Flutterwave Payment Technology Limited has been accused by the Kenyan authority, Asset Recovery Agency (ARA), of using its company accounts for money laundering.
The Nigerian startup, however denied the claim in a statement obtained on Thursday.
What you need to know
The government sought a court order to freeze about 52 accounts; 29 domiciled in Guaranty Trust Bank, 17 with Equity Bank, while Ecobank housed six of them. The amount linked to the money laundering allegation is N43.6 billion (Sh12 billion), which allegedly came in between 2020 and 2022.
The company led by Olugbenga Agboola, is said to be operating a payment service without Central Bank of Kenya license, which is against the payment system act in the country.
It was gathered that Flutterwave concealed the nature and source of billions of Kenyan shillings (Kenyan currency) entering its account, and also hid the movement of the funds, which are in USD, British Pound Sterling, EURO and Kenya shillings.
Kenyan authorities said they began to probe the accounts in April, and discovered the unicorn tech firm hid behind offering merchant platform for trades, however, upon receiving the funds, merchants are not paid.
The agency said, “Investigations established that the bank accounts operations had suspicious activities where funds could be received from specific foreign entities which raised suspicion. The funds were then transferred to related accounts as opposed to settlement to merchants.”
Prior to the court order, Flutterwave was said to have Sh5 3 billion in Guaranty Trust Bank, with Sh1.4 billion in Equity Bank, but these funds are not money from retail transactions, which was meant to be the firm’s service.
“If indeed the Flutterwave was providing merchant services, there was no evidence of retail transactions from customers paying for goods and services. Further, there is no evidence of settlements to the alleged merchants“, the authority said.
The firm was also connected to alleged card fraud, with Flutterwave said to have received 185 online card payments in May 2021, with all the cards sharing similar identification number, which was issued by the same bank in one day.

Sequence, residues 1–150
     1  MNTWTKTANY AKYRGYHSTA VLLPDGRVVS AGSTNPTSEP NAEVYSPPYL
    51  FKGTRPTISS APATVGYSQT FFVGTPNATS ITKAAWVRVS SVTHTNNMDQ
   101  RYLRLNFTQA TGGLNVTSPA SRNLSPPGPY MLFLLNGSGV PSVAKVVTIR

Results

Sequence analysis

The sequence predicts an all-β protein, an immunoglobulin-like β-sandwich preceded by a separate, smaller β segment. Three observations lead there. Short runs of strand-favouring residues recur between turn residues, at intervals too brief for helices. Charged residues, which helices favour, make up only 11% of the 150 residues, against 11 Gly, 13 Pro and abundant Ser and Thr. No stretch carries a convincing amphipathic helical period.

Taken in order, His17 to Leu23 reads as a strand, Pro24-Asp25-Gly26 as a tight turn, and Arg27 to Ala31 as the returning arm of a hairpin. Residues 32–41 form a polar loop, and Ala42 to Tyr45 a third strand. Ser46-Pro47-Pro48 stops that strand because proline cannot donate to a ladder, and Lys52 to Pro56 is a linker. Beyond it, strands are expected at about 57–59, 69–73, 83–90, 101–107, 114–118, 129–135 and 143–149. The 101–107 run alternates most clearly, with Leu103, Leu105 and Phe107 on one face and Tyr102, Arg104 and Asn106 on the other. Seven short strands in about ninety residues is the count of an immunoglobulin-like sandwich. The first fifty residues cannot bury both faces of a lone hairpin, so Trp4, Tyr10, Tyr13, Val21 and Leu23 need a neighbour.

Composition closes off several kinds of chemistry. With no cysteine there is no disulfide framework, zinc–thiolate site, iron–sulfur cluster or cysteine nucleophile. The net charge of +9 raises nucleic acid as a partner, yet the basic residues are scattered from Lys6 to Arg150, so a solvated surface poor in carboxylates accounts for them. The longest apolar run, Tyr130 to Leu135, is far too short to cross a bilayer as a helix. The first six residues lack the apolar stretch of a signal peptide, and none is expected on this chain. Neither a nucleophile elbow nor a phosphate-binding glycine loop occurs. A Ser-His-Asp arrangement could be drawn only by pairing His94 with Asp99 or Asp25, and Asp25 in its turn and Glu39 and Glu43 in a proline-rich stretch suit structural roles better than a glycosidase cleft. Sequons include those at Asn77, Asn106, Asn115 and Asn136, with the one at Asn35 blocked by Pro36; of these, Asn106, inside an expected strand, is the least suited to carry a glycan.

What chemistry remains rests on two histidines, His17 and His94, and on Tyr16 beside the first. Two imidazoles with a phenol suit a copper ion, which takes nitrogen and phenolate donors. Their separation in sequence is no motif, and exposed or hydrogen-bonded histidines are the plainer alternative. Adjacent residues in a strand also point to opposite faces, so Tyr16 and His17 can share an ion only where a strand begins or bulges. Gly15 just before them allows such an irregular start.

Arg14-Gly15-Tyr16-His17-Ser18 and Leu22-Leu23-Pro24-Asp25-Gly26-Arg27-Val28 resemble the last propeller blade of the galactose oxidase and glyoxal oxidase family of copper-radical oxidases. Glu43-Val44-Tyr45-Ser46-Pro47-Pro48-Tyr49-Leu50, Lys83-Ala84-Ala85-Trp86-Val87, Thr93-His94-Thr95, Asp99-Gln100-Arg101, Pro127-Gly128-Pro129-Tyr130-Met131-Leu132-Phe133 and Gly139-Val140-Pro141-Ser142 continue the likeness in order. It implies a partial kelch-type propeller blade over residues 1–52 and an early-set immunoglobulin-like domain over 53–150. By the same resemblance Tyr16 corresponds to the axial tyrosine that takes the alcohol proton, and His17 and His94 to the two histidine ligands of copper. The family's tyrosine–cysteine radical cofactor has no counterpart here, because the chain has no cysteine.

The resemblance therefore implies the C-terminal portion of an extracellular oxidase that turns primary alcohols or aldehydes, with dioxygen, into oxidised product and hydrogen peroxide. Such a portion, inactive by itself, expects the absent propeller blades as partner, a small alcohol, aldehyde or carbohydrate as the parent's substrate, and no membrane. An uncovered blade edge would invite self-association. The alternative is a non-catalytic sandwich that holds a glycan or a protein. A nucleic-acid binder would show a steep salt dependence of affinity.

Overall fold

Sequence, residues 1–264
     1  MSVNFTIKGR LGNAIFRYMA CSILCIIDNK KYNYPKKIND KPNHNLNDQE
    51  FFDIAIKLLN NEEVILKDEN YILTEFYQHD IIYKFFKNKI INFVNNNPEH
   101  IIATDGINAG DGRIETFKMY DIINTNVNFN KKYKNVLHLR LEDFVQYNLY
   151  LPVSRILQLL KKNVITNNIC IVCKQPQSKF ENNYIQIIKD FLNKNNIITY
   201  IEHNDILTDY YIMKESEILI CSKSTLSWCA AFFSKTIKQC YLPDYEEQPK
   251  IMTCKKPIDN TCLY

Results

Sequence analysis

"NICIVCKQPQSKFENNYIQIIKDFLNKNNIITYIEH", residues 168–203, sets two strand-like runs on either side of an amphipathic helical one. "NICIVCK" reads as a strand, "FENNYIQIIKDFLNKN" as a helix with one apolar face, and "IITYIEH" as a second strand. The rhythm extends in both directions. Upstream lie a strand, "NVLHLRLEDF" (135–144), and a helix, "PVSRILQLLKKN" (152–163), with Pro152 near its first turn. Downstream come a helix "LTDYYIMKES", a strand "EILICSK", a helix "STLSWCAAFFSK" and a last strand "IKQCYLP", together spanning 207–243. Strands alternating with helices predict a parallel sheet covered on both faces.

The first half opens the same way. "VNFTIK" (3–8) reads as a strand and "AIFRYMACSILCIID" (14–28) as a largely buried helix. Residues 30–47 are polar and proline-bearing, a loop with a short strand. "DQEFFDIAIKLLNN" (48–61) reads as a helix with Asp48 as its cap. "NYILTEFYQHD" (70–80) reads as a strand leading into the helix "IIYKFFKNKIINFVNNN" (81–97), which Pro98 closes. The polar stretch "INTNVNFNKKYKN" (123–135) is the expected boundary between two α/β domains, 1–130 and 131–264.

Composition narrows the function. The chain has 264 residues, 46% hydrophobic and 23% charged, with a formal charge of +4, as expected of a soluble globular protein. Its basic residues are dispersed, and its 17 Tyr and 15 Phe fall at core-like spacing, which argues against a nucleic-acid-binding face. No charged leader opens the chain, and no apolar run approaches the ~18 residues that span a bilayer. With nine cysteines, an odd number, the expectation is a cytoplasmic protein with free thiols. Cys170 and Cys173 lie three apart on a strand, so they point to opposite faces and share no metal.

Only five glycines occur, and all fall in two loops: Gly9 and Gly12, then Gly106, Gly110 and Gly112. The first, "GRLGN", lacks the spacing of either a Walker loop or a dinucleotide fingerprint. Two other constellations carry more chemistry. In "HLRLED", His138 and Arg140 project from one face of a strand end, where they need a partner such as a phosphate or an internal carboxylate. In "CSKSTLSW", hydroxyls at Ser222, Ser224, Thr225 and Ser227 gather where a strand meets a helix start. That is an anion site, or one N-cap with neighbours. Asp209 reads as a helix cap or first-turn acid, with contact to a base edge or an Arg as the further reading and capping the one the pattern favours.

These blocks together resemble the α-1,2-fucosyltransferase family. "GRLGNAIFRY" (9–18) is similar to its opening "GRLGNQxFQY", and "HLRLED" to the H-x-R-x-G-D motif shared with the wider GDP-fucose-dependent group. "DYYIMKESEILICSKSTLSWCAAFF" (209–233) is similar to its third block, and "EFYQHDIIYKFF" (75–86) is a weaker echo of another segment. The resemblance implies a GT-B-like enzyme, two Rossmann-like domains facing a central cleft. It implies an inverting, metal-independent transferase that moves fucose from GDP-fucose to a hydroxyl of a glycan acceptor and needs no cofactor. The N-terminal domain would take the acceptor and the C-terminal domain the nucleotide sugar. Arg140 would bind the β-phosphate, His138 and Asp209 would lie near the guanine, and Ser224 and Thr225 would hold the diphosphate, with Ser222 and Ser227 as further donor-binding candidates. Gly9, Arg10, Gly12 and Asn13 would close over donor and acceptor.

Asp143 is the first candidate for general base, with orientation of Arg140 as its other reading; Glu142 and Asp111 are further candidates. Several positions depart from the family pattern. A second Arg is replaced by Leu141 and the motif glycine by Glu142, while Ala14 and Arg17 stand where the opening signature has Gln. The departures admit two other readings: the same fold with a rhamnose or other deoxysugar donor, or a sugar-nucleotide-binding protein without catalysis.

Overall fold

This is one of many fraud allegations brought against Flutterwave, following a report in May, disclosing the founder, Agboola, was allegedly involved in stock fraud, identity theft, and deflating stock value for personal gain, amongst others – he denied all the allegations.
What Flutterwave said about accusations from Kenya
In a statement received by Ripples Nigeria, Flutterwave said it has records to explain the movement of funds in the company’s accounts, stating that it works in compliance with regulatory rules.
Read also:Flutterwave co-founder, Iyinoluwa Aboyeji, to invest $100,000 in Nigerian startups
The firm said it’s operation was constantly audited by one of the big four auditing firms, and there’s an Anti-money laundering policy in place to safeguard the platform.
In the statement, Flutterwave described the claims that funds in the accounts were not tied to merchant transactions as false, stating that its platform facilitates merchant and corporate entity trades.
“Claims of financial improprieties involving the company in Kenya are entirely false, and we have the records to verify this.
“We are a financial technology company that maintains the highest regulatory standards in our operations. Our Anti-money laundering (AML) practices and operations are regularly audited by one of the Big four firms. We remain proactive in our engagements with regulatory bodies to continue to stay compliant”, the company said.
Flutterwave stated further, “Through our financial institution partners, we collect and pay on behalf of merchants and corporate entities. In the process, we earn our fees through a transaction charge, records of which are available and can be verified. As a business, we hold corporate funds to support our operations and provide services to all our customers.
“By facilitating payments for the biggest organizations in the world and everyday businesses, we process significantly large volumes of money and contribute to growing the economy in Kenya, and the rest of Africa.
“We are working to ascertain the motive behind the false claims, and have the records straightened”, the statement reads.
Meanwhile, Flutterwave wasn’t the only firm which had its account blocked, as many other startups shared the same fate, in a wide investigation that covered mostly Nigerian companies.
Other Nigerian startups affected were Bagtrip Travel Limited, Hupesi Solutions and Cruz Ride Auto Limited, Boxtrip Travel And Tours Limited, Elivalat Fintech Limited and Adguru Technology Limited.
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